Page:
In Justesen's Food Stores v. City of Tulare, 43 Cal. App. 2d 616 [111 P.2d 424], the court held: "A legislative body, in exercise of its police power, has a broad discretion to determine ... the measures necessary for protection of public interests. The determination of a need for a mode of exercising the power is for the legislative body and courts will not hold enactments invalid unless they are palpably unreasonable, arbitrary or capricious, having no tendency to promote the public welfare, safety, morals, or general welfare. Every presumption is in favor of reasonableness of the law and its validity.

"A court is not concerned with the wisdom or policy of the law and cannot substitute its judgment for that of a legislative body. If different minds might differ as to reasonableness of the regulation, the law must be upheld."

Bearing in mind that the statute here under consideration has been on the books since 1891, can it not be said that all employment contracts, either oral or written, express or implied, are entered into subject to said statute and in effect incorporating the terms of said statute.

In Mott v. Cline, 200 Cal. 434-435 [253 P. 718], it was held: "The police power, being in its nature a continuous one, must ever be reposed somewhere, and cannot be barred or suspended by contract or irrepealable law. ... It is to be presumed that parties contract in contemplation of the inherent right of the state to exercise unhampered the police power that the sovereign always reserves to itself for the protection [100 Cal. App. 2d Supp. 863] of peace, safety, health and morals. Its effect cannot be nullified in advance by making contracts inconsistent with its enforcement."

"All applicable laws in existence when an agreement is made necessarily enter into and form a part of it as fully as if they were expressly referred to and incorporated in its terms." (See Wing v. Forest Lawn Cemetery Assoc., 15 Cal. 2d 472 [101 P.2d 1099, 130 A.L.R. 120].)

[6] The settled law of the land at the time a contract is made becomes a part of it and must be read into it. (See Weinreich Estate Co. v. Johnston Co., 28 Cal. App. 144 [151 P. 667]; 4 Cal.Jur. 10-Yr.Supp. (1943 Rev.) 138.)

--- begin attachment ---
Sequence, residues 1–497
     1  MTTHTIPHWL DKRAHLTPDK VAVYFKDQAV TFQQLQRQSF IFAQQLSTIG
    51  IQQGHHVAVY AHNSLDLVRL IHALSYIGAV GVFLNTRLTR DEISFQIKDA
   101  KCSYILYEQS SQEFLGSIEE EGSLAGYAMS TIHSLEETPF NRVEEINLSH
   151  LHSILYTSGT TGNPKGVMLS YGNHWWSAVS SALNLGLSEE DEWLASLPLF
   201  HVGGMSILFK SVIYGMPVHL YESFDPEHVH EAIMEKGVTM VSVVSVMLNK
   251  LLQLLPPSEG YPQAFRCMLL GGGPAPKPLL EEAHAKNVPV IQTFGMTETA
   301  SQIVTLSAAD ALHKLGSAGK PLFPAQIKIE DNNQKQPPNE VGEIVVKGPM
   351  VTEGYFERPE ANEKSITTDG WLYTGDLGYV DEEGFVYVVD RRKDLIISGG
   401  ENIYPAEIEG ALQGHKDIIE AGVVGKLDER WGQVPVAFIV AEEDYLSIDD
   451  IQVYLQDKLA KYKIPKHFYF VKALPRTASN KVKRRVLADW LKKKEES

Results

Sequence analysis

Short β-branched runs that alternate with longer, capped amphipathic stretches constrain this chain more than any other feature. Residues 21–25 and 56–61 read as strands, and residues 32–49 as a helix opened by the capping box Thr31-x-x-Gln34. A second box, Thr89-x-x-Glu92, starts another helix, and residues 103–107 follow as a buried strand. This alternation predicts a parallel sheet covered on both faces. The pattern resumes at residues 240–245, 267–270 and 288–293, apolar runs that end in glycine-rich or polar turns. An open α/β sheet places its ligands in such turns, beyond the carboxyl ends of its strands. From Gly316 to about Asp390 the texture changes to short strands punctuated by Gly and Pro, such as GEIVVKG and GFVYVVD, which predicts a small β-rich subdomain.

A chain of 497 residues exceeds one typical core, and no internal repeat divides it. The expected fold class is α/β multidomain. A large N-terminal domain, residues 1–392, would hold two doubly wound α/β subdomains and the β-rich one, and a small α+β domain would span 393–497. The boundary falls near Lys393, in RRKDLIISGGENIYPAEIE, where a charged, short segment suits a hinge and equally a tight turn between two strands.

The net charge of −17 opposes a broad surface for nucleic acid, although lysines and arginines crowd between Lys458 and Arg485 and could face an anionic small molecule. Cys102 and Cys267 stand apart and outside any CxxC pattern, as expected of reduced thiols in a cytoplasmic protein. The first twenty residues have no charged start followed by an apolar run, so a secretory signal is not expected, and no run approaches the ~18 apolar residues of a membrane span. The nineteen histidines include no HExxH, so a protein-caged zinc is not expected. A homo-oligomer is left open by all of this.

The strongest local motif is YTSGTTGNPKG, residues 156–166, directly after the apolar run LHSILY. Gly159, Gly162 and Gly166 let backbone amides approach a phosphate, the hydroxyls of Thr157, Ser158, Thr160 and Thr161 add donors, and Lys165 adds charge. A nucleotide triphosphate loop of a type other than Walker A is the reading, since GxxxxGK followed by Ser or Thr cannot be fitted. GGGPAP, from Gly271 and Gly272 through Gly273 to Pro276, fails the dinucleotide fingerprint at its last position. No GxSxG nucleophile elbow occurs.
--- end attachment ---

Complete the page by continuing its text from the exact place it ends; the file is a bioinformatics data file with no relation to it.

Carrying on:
In Brown v. Ferdon, 5 Cal. 2d 231 [54 P.2d 712], the court said: "It is settled that all of the laws of a state existing at the time a contract is made which affect the rights of the parties to the contract enter into and become a part of it, and are as obligatory upon all courts which assume to give a remedy on such contracts as if they were referred to or incorporated in the terms of the contract."

In Gardner v. Rich Mfg. Co., 68 Cal. App. 2d 725, 730 [158 P.2d 23], the court held: "Orders [of the Railroad Commission; establishing and fixing schedules of minimum rates, rules and regulations ... become a part of every contract between a highway contract carrier and the shipper."

In Keating v. Preston, 42 Cal. App. 2d 110 [108 P.2d 479], the court held [as stated in the syllabus], in construing a lease: "Penal Code, section 337a, relating to pool selling, bookmaking, etc., is deemed to constitute a part of a lease of premises for use in the restaurant business."

[7] It is, therefore, our considered opinion that Elections Code, section 5699, is valid and constitutional because:

1. It is a valid exercise of the state's police power as being in the public interest and promoting the public welfare and,

2. Said Elections Code is as much a part of every employment contract entered into and to be performed in the State of California as though expressly incorporated in said employment contract.

[8] Appellant makes the additional contention that on the trial in the court below some 14 of plaintiff's assignors failed to appear and that the record is barren of any evidence as to whether they took any time off for the purpose of voting on election day. With this contention we agree, and we find [100 Cal. App. 2d Supp. 864] from the record that these assignors were allowed $18.67 in the lower court's judgment. The judgment must, therefore, be reduced by this amount.

In view of the foregoing the judgment of the lower court is reduced to the sum of $80.02, and as so reduced it must be, and it is hereby affirmed.

Griffin, P. J., and Murphy, J., concurred.